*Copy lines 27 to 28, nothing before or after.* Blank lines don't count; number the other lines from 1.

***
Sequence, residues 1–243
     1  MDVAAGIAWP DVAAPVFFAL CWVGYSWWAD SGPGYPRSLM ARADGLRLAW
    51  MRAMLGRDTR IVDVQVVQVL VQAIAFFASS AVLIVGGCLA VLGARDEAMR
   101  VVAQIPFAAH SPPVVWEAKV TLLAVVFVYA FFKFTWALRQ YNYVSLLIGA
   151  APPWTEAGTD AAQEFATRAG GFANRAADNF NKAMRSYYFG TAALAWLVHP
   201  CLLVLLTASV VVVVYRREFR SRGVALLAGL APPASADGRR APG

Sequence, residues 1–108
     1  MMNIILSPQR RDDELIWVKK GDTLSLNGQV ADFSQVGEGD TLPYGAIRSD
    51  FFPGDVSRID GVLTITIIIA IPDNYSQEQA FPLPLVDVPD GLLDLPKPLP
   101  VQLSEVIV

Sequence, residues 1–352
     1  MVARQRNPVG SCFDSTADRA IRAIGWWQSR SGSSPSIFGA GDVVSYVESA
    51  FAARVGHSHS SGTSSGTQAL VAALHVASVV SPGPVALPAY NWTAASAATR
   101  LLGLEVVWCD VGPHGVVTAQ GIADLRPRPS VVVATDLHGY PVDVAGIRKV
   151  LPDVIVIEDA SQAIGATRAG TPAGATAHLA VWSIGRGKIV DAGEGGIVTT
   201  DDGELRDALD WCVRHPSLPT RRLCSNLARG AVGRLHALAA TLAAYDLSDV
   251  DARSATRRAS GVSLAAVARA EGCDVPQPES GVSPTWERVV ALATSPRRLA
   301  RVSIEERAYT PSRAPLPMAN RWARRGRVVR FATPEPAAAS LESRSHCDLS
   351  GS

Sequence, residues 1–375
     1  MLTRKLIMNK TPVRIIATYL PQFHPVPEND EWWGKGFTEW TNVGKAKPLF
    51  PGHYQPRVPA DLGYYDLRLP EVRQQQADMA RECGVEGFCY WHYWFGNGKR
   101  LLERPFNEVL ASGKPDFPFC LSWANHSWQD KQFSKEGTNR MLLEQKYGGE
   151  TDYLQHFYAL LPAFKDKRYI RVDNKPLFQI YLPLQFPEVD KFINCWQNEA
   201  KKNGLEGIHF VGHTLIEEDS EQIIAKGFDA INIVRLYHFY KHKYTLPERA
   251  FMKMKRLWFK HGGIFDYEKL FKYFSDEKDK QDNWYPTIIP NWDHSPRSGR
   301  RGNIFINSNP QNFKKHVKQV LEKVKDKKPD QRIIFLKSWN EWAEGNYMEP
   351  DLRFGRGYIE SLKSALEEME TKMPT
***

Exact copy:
   301  RGNIFINSNP QNFKKHVKQV LEKVKDKKPD QRIIFLKSWN EWAEGNYMEP
   351  DLRFGRGYIE SLKSALEEME TKMPT